My children are all adults now (that does not mean I am done being a parent) and I am reminded of one of my pet peeves that siblings seem to do all the time. That is comparing what they did not get as compared to what their sibling received. I called it the “compare game” and they knew it is a hot button.
I find that that the “compare” pet peeve is weaseling itself back into my soul. We have all seen this in the rankings of various startup communities. I too am both a victim and purveyor of this. I am sorry, I am trying to rid myself of the ploy.
One of my mantras is this: Startup communities are like children – they should never be compared.
Community leaders need a way to see how well they are doing. The same leaders get caught up in using other communities’ attributes as a marker or milestone to set up goals for their own community.
I feel like I am back listening to my children again. “If Jessie got a new pair of ice skates, then I should get a new pair too!”. Never mind that her sister did not ice skate or even cared that much for ice skating.
In community speak, it might sound something like this, “Columbus, Ohio has a $100M new venture fund, I should get one too,” says every Midwest city.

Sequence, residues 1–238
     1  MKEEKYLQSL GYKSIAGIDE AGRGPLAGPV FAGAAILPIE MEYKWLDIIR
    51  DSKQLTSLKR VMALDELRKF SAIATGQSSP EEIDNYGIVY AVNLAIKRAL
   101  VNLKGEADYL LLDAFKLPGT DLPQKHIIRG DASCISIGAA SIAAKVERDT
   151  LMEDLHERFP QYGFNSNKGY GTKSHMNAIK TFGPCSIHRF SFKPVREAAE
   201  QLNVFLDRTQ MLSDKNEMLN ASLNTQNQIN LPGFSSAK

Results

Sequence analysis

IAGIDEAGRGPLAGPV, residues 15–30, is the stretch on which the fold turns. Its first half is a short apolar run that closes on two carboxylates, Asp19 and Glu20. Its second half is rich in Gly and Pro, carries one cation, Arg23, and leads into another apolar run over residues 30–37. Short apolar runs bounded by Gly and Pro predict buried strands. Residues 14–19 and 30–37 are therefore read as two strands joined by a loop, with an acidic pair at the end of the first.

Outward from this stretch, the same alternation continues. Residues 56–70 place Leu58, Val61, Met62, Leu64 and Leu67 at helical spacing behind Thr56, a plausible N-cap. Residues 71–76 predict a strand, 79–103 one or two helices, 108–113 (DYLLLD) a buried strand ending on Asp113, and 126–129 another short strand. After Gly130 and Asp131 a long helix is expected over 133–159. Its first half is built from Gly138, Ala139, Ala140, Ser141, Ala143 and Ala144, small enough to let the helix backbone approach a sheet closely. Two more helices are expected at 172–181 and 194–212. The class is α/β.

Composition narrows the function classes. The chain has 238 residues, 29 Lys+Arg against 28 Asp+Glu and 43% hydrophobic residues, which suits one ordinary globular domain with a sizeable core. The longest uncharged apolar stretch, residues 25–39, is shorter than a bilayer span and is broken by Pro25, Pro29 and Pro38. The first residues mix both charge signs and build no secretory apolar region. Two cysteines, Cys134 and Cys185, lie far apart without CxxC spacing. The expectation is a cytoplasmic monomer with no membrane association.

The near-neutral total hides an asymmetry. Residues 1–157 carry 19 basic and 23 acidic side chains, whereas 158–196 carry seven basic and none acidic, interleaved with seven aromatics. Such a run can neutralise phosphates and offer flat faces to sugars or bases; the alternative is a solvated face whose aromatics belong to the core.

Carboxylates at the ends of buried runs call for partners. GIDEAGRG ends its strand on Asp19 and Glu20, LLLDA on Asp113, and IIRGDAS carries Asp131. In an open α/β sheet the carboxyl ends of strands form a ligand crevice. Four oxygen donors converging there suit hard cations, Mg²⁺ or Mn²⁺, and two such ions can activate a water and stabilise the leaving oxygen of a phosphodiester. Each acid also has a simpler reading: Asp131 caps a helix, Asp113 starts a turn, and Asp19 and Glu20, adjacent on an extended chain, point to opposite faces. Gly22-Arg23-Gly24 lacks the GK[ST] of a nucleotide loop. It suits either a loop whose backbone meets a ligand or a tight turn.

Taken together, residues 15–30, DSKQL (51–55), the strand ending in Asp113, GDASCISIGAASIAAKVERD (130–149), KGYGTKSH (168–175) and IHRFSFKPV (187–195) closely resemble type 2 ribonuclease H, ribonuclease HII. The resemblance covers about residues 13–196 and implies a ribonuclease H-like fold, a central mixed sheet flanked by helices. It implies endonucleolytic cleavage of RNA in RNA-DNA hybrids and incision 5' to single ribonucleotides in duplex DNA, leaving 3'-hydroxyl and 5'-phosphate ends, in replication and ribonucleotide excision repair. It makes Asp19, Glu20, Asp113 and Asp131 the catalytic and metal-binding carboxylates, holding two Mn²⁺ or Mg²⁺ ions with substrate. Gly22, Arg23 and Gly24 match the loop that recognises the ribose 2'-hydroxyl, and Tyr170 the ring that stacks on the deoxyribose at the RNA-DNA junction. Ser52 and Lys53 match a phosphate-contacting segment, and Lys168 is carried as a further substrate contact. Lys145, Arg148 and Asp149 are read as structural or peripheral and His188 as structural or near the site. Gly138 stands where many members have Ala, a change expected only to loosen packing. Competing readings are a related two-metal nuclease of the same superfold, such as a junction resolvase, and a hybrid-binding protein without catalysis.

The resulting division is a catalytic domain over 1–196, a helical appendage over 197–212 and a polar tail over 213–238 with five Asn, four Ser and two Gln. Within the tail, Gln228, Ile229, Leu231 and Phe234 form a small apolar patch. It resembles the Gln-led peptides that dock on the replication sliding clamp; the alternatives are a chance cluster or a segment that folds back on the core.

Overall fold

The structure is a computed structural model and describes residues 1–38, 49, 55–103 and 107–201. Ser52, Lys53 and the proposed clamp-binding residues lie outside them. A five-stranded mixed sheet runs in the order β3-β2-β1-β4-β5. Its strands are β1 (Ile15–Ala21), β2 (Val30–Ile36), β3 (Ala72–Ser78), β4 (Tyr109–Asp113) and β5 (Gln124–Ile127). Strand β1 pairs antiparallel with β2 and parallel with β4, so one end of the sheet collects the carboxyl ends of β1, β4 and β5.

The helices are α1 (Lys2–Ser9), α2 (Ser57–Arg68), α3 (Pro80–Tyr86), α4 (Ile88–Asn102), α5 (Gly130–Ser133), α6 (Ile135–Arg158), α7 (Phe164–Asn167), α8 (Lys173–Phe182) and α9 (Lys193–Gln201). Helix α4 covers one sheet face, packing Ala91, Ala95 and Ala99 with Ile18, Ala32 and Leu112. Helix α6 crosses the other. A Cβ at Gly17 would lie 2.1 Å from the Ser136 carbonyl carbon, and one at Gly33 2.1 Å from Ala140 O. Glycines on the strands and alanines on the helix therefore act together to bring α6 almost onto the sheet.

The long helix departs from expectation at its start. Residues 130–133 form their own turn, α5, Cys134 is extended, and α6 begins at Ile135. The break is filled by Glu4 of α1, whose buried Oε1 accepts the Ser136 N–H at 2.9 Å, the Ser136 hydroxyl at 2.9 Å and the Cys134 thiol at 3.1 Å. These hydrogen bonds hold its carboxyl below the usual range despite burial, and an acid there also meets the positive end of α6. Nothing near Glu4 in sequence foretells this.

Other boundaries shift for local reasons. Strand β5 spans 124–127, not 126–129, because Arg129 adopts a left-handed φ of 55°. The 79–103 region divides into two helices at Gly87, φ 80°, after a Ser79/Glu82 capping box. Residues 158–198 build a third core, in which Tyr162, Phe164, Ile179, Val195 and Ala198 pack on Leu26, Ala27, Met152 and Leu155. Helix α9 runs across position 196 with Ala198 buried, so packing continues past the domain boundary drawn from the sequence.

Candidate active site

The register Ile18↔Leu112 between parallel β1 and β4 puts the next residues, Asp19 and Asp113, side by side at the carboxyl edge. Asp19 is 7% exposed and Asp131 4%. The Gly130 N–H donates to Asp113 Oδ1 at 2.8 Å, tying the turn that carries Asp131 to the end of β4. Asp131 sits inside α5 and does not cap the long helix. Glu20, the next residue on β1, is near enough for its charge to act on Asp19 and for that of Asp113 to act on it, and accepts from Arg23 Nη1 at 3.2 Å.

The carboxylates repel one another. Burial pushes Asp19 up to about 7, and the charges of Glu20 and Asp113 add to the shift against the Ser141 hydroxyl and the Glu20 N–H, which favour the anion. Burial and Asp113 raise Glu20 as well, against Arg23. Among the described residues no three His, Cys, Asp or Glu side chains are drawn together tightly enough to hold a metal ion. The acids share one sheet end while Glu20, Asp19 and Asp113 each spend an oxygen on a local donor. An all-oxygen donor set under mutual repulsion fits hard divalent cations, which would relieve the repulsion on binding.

I firmly believe that the source of this thinking is rooted in a very simple motivation – we don’t know how to do this and if it works for them, I need one too. By-the-way, we have no idea if that action on the part of the Columbus community will do anything to help inspire more entrepreneurs or help build better companies or result in more jobs.
Startup community building is a nuanced game with a thousand small actions that hopefully conspire to create an environment where great things can happen. It’s that simple and complex.
Passionate about building your community? Take a much closer look at the tools, the actions, the activities that community builders are deploying. Dig in deep as to their actual efficacy. Then experiment in your own community and see what helps move your community forward.